Barnes & Noble’s near monopoly on books has yet to devour all reading spaces. Consider Three Lives & Co. (154 West 10th Street; 741-2069), an independent West Village survivor that’s hosted the up-and-coming for decades. Readings are free, but come early for the big names (mordant wit David Sedaris recently packed the place), and snag a choice spot on the ratty rug up front. bam, Brooklyn’s cultural juggernaut, is picking up speed with its new movie theater and BAMcafe (30 Lafayette Avenue, Brooklyn; 718-636-4111, extension 516), a restaurant, bar, and performance space. BAMcafe hosted its first reading at the end of March – a Brooklyn-themed installment in the improv-heavy moth storytelling series, which George Plimpton hosted. The café’s organizers will soon present spoken-word performances and, beginning in the fall, a series of readings. Plimpton was pleasantly surprised that such a vast space could preserve acoustics and atmosphere. “I tend to doze off,” he admits, and though excellent content is the best way to keep him awake, “intimacy helps.”
That’s why he recommends KGB (85 East 4th Street; 505-3360). This faux-underground Commie theme bar-cum- writers’ clubhouse may be peaking in popularity and slowly going corporate (there are now some product-sponsored events), but after only six years of existence it’s the top choice among literati of all ages. Young novelist Dani Shapiro has read there, and so has poet Donald Hall, who recently ran into his college friend John Ashbery there. With several series ensuring constant readings, KGB wins for sheer volume. Drinking and smoking abound (for better or worse), as does insider New York publishing chat.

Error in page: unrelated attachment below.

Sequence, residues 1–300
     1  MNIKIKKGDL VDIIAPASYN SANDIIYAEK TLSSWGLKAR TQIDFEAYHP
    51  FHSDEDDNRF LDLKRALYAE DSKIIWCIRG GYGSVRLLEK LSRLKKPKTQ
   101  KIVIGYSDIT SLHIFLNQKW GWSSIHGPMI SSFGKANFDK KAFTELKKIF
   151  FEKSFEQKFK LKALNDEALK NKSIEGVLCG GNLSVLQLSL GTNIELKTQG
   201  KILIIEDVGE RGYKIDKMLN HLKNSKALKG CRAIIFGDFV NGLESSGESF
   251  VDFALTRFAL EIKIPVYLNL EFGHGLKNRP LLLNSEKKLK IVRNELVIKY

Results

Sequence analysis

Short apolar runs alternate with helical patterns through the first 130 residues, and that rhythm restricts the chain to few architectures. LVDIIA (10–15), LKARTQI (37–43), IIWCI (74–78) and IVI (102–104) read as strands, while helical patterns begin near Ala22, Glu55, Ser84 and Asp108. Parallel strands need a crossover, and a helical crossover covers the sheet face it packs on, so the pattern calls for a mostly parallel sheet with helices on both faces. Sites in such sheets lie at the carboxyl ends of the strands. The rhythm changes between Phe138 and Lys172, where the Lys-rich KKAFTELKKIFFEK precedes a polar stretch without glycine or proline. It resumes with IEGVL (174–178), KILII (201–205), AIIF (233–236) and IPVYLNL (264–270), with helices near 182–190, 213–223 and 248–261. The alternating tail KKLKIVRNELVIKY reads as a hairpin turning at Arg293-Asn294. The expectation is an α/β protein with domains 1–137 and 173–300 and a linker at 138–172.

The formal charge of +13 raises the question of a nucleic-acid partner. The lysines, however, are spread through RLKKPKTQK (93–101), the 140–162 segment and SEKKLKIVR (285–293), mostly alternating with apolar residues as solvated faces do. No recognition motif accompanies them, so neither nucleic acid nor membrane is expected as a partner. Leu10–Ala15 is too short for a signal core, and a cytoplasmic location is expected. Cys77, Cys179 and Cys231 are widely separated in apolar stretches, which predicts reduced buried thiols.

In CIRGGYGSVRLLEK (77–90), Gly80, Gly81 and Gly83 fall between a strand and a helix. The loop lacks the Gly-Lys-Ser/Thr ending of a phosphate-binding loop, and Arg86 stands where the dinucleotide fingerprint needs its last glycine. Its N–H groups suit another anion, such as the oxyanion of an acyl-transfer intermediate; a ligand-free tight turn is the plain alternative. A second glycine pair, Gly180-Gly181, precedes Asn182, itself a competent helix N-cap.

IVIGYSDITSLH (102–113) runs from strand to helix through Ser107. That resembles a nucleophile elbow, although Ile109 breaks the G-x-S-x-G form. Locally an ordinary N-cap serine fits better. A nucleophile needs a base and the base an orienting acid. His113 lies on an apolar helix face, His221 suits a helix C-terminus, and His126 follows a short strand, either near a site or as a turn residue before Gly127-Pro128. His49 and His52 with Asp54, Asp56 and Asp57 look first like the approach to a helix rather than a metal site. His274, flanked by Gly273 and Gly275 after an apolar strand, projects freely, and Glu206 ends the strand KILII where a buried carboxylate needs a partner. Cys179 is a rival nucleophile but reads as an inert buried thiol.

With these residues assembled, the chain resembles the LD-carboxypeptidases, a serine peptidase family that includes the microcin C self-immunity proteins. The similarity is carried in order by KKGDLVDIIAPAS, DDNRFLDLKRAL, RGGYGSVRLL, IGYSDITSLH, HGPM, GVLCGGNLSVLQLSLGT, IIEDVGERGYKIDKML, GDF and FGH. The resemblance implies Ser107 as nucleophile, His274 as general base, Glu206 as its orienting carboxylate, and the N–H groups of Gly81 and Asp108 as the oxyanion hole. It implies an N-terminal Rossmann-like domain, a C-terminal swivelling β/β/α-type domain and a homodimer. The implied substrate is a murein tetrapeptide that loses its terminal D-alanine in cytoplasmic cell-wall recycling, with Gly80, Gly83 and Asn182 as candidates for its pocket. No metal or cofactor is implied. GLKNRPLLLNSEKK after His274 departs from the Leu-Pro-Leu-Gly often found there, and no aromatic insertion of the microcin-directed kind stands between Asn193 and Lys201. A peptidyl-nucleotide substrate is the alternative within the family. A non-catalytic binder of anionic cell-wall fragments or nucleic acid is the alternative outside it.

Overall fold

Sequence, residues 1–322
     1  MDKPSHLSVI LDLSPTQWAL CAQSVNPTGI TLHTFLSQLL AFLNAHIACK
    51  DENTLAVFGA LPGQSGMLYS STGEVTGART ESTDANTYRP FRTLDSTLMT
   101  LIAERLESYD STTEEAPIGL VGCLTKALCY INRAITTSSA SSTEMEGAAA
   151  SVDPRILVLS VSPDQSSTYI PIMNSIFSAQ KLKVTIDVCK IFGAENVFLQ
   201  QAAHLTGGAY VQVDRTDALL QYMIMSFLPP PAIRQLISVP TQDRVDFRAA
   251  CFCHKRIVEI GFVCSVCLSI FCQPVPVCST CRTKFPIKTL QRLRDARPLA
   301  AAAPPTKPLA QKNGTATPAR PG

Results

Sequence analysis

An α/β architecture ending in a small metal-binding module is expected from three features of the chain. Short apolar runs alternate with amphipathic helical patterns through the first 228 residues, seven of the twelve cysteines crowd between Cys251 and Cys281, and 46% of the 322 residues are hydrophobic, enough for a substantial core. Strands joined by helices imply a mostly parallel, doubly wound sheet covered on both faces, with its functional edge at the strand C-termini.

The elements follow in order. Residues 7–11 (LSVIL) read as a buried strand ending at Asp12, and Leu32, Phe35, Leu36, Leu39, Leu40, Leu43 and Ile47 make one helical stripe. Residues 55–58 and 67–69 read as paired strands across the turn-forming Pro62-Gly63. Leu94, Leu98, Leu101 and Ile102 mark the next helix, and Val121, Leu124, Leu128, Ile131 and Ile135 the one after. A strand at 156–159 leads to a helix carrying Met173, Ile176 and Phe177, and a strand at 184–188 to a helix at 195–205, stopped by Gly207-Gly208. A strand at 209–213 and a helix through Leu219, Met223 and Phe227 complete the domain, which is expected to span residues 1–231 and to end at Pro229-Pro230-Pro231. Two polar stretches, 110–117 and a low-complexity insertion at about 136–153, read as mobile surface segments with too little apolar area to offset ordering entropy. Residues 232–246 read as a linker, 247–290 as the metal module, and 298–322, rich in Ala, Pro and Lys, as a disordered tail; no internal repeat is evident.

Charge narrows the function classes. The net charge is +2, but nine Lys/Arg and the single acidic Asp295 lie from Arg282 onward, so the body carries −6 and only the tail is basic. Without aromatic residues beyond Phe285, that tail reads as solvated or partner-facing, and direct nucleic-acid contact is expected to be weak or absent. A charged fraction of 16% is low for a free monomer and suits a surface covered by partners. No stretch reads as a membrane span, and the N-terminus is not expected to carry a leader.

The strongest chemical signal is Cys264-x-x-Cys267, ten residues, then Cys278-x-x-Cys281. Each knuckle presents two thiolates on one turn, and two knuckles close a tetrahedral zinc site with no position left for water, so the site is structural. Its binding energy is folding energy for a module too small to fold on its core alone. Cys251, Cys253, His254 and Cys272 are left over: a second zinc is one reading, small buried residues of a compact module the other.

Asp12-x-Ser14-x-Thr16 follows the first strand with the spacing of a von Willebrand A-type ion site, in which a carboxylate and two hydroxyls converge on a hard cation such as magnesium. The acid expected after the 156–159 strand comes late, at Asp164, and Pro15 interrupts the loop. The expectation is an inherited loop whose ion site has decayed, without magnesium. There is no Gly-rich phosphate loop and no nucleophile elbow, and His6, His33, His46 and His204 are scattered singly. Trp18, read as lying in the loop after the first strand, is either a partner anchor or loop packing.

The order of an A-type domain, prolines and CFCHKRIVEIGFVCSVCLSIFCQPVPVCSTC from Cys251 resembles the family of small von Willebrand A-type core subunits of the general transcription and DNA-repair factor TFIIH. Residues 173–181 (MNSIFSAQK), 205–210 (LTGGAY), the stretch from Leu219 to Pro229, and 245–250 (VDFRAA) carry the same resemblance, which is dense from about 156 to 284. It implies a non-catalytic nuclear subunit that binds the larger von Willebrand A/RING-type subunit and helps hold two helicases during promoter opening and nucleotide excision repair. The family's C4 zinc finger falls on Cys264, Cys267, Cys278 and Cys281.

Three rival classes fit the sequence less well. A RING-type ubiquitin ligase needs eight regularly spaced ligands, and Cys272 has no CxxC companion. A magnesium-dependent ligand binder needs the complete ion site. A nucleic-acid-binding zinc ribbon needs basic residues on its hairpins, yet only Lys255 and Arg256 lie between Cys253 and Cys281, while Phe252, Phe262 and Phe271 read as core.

Patrons of the Selected Shorts series at Symphony Space (2537 Broadway, at 95th Street; 864-1414), now in its fifteenth season, don’t expect to unearth the next generation of storytellers, but that’s not the point. The Upper West Side intelligentsia flock to this midsize theater for surefire classics. Actors like Alec Baldwin and Meryl Streep are matched with kindred literary spirits. Readings cost $17, so for a regular fix, stick to the taped broadcasts on NPR.